The idea behind their system if I have understood correctly (have not had the training yet) is that the title REMAINS IN ITS ENCRYPTED FORM!??
The DVD is actually ripped right from the internal dvd slot but when it resides on the hard drive it is still encrypted to which Escient adds another layer of their own encryption??? so that the title CANNOT be moved from the clients system. In other words, the is NO way to share the stored files directly over the internet or re-burn a copy of the movie from the Escient Server back to a blank disc.
I believe Escient's premise is to allow a client to do this under the FAIR USE idea and keeping the information in an encrypted form without the ability to transfer the files off of the client's system SHOULD? satisfy the legal requirements for all concerned.
Does this stop anyone from simply ripping copies of movies they have rented or just borrowed from friends? Of course not! But that is true of virtually every system out there and will always be the case.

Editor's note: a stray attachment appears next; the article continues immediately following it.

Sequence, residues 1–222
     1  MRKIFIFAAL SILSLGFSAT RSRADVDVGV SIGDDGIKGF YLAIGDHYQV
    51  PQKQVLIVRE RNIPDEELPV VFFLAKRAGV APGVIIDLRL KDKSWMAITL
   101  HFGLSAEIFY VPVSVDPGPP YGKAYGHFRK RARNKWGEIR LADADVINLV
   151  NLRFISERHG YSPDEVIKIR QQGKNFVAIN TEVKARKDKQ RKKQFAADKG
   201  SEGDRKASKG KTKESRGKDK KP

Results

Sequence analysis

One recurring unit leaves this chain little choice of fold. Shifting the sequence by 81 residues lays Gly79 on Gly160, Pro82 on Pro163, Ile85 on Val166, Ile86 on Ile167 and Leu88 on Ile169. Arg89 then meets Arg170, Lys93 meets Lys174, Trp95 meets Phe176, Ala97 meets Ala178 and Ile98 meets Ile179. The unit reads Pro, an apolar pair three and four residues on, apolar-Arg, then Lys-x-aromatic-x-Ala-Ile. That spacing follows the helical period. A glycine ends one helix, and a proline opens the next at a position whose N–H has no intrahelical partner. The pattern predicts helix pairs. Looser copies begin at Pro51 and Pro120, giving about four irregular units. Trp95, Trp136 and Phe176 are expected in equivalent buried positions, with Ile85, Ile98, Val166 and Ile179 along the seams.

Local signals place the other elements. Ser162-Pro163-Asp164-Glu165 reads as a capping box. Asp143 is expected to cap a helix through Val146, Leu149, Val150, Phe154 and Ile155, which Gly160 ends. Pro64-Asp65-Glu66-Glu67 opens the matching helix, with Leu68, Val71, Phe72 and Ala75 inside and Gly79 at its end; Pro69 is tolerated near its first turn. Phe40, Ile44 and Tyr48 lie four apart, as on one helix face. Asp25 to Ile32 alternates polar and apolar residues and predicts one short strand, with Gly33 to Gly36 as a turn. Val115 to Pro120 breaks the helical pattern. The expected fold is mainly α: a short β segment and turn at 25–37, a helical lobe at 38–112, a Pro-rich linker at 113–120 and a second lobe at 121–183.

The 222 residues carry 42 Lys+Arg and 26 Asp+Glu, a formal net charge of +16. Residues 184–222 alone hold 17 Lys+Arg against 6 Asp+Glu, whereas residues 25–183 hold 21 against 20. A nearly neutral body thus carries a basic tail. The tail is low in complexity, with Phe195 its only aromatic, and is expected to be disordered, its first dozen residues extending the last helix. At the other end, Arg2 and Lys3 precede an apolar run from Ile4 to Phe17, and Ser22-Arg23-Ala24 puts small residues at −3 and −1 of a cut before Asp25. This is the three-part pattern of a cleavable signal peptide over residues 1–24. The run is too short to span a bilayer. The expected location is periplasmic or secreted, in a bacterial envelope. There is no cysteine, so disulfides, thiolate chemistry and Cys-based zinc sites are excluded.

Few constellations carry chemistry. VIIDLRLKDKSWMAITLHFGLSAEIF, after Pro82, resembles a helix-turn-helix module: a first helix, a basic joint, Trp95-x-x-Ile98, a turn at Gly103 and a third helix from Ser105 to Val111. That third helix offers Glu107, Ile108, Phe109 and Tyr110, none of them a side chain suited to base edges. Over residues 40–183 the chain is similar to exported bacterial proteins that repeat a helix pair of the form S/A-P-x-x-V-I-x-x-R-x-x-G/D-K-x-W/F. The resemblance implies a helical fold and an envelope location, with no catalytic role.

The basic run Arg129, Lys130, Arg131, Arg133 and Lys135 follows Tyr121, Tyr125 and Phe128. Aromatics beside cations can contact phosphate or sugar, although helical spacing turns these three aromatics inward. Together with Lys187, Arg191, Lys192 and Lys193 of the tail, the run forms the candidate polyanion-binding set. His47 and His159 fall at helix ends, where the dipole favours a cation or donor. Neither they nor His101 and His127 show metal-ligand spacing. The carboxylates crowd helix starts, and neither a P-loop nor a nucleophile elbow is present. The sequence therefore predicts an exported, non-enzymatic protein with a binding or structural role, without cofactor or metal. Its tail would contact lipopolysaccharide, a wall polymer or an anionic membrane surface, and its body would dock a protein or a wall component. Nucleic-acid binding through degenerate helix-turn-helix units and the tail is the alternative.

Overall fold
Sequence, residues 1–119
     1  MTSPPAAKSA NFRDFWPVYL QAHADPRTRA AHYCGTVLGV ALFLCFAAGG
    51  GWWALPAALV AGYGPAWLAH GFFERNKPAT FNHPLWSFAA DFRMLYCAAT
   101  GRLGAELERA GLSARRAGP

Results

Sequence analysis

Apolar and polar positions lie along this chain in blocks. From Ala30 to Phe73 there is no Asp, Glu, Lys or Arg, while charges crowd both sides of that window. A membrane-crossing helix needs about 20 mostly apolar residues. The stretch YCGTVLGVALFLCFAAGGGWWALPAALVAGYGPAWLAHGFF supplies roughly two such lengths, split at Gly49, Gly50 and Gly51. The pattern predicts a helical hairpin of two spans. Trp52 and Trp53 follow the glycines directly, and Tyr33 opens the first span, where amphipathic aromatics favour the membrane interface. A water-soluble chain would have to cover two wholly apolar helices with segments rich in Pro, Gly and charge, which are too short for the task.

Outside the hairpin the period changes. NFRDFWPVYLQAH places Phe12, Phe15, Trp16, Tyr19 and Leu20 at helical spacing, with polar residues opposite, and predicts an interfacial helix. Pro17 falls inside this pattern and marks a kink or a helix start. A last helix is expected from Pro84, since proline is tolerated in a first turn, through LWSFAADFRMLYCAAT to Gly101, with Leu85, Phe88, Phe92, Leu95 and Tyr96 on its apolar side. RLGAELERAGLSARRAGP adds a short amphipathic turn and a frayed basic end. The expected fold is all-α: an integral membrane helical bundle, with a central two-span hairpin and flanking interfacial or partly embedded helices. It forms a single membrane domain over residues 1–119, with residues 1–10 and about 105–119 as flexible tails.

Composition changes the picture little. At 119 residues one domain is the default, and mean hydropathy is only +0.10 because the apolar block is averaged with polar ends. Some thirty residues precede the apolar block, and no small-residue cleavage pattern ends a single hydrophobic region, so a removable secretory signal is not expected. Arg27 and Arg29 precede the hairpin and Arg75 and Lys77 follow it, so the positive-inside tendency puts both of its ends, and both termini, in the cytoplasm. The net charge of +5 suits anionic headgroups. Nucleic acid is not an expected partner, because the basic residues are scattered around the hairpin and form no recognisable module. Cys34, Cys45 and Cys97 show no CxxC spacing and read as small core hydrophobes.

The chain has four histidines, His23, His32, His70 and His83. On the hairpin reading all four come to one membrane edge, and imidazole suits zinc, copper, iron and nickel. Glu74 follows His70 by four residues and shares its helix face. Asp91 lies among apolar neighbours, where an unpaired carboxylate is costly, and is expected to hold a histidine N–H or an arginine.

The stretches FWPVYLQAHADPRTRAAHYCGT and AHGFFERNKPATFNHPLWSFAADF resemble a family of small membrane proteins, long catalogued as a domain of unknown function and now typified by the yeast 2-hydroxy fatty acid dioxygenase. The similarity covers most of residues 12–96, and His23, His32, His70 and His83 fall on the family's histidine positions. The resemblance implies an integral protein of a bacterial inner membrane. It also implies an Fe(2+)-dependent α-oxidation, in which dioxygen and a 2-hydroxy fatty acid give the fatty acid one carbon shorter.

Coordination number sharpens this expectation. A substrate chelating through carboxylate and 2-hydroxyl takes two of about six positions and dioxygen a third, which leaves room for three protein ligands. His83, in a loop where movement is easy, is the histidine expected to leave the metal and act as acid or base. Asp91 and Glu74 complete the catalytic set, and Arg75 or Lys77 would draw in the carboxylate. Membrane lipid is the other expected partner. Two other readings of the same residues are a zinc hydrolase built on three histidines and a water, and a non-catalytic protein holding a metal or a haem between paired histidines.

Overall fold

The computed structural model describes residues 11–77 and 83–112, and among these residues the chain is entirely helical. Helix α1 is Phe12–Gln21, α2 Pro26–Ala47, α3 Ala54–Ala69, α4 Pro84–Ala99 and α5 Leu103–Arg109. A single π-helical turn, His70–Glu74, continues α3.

Ok, I found the press article I was thinking about again describing the idea behind the new system.The full article is at this link:http://www.ce-pro.com/article/escien..._cca_and_dmca/Here is the most relevent point taken from that article:
The company announced today that consumers will, in fact, be able to import DVDs directly to the server via the product’s built-in DVD drive. (Escient prefers the term “importing” to the more unseemly “ripping.")
In September, Commons says, “We were telling everyone that there were legal issues surrounding the importing of movies.” Now, he says, “We’ve resolved those issues so you can import movies on the front-panel DVD drive.”
Exactly how did Escient “resolve” those issues? According to Commons:
We’re maintaining all of the encryption that’s on the movie so when we’re moving a movie from a disc to the internal hard drive, it’s copying bit for bit with all of the encryption intact. We’re adding our own second level of even more stringent encryption to protect it [DVD content] when it’s on the Vision storage system.
Once the DVD is imported onto the Vision device, it cannot leave the network, and cannot be uploaded to the Internet. Hence, copy protection is preserved.
You know that, and I know that, but will the DVD authorities concede?